This November, key decision makers in Indian healthcare joined the HKS New Delhi office for a unique workshop, the first in an international series paving the way for new, collaborative initiatives in research and analytics. While the workshop gave clients and colleagues information on HKS’ international research and analytics, it gave HKS an opportunity to understand the challenges and thought processes shaping India’s medical facilities.
“This was the most interesting workshop I’ve ever attended,” said Lalit Varman of Apollo Hospitals. “This kind of workshop helps everyone share their thoughts and make healthcare planning better.”
In contrast to most workshops, where information is distributed from hosts to attendees, this daylong workshop proposed an exchange of knowledge, with questions aimed at comprehending the burning issues of hospital CEO’s and healthcare professionals.
By asking the audience questions like “what keeps you awake at night” and “to what extent do you trust the data you have,” we discovered that close to 100 percent of the workshop’s participants have very little trust in the data available to them. While this is a clear problem, it presents an opportunity for new, collaborative research between HKS and workshop participants, with the potential to greatly improve healthcare outcomes in India.
The workshop was punctuated by numerous interactive exercises and dialogue, leveraging the brain power behind some of the largest health systems in India. We presented research, produced with academic partners at Texas A&M, on emerging cancer care models that inform the shifting paradigm in cancer – now a chronic disease – with a focus on preventive, predictive, precise and participative care.
Dr. Upali Nanda, HKS’ director of research, broke the design process into simple components – why, what and where to build, and how to build, occupy, assess and improve. The role of research and analytics, in providing foresight and insight on meaningful impact, connected each stage of design.
The HKS team demonstrated how capital expenses can improve operational expenses, making the business case that focusing on value, not cost, can improve outcomes in the long run. Using Ohio’s Akron Children’s Hospital as an example, we demonstrated how a lean, integrated project delivery process involving a responsible design framework ensured considerable cost savings, with the additional benefits of ahead of schedule delivery, zero change orders during construction, and increased staff and patient satisfaction.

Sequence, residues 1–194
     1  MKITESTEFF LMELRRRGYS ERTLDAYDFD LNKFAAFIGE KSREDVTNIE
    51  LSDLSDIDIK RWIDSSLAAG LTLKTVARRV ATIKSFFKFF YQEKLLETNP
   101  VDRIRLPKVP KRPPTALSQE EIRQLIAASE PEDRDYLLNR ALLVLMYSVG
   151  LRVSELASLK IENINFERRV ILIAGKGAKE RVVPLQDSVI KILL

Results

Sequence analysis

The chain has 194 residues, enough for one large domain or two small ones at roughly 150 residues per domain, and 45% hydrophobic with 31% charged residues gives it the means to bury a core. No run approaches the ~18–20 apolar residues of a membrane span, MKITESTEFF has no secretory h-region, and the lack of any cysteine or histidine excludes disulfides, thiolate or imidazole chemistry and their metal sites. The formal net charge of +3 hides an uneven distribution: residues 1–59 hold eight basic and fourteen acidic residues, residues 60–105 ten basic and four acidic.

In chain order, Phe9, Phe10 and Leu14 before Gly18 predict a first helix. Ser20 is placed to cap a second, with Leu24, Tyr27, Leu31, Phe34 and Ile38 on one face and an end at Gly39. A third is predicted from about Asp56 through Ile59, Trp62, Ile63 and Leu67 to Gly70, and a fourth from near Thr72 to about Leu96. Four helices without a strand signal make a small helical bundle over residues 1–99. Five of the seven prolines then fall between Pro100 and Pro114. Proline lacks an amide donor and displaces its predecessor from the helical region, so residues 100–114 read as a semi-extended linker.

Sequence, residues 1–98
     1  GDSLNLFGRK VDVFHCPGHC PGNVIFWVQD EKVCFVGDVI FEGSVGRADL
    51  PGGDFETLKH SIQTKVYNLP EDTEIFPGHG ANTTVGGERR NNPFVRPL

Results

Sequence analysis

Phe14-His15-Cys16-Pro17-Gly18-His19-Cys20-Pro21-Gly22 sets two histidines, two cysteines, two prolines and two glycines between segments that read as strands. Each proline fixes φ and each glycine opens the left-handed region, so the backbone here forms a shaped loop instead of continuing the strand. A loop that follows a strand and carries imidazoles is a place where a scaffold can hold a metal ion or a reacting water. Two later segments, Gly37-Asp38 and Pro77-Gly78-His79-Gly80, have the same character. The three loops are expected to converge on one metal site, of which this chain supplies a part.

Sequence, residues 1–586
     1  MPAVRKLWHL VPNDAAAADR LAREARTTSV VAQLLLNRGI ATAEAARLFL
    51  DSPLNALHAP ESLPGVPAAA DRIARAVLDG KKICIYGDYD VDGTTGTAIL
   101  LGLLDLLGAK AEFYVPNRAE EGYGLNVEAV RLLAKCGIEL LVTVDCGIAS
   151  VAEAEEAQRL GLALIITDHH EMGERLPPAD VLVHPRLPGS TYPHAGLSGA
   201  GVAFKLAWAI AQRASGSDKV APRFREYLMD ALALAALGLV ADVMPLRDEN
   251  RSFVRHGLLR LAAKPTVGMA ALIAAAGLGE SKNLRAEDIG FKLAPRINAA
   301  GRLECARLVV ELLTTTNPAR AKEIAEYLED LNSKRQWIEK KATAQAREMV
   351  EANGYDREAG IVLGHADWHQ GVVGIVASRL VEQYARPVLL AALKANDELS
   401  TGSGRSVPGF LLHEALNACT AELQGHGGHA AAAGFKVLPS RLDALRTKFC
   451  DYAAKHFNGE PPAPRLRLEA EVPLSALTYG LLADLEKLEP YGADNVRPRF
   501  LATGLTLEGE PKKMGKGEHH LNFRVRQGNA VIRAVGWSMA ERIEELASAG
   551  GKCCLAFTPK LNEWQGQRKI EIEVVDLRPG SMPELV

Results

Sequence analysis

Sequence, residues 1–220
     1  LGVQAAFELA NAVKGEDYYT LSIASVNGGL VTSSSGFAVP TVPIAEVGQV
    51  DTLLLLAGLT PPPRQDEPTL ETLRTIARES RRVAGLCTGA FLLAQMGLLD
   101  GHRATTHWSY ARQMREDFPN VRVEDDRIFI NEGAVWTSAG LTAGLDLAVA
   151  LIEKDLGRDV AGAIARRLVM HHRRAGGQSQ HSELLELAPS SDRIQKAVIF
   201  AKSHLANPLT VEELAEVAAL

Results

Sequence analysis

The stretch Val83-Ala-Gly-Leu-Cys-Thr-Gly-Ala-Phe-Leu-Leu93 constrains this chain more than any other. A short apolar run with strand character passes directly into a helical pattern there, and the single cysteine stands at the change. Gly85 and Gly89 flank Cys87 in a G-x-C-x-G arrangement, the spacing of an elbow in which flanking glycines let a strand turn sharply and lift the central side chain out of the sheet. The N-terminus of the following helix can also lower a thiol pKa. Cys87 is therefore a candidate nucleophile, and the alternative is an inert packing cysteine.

A hospital in the Delhi National Capital Region was also showcased for its use of these principles for right sizing and cost control, while achieving the cleanest air among similar facilities in the capital.
“It’s a great solace that we can consult this kind of research analysis. The material presented will go a long way in educating this team of experts, who come from various hospitals and architects,” said Dr. Surender Kumar of Fortis Healthcare. “This is the result of a great group who can debate and consult each other for the benefit of all.”
Using this workshop’s success as a steppingstone, Dr. Nanda and other HKS team members are looking to repeat this format in China and the Middle East to gain a better understanding of patient and healthcare provider needs in economies positioned for tremendous growth.
“We have a tremendous opportunity, to not only bring our resources as a global firm to countries like India and China, but also to learn from them how innovation can be crafted with fewer, creatively utilized resources,” Dr. Nanda says. “This global exchange of knowledge can truly catapult change within every unique health system.”
The value of this knowledge offers countless opportunities to improve healthcare outcomes through research and analytics. If you are interested in attending potential future workshops, reach out to us at firstname.lastname@example.org.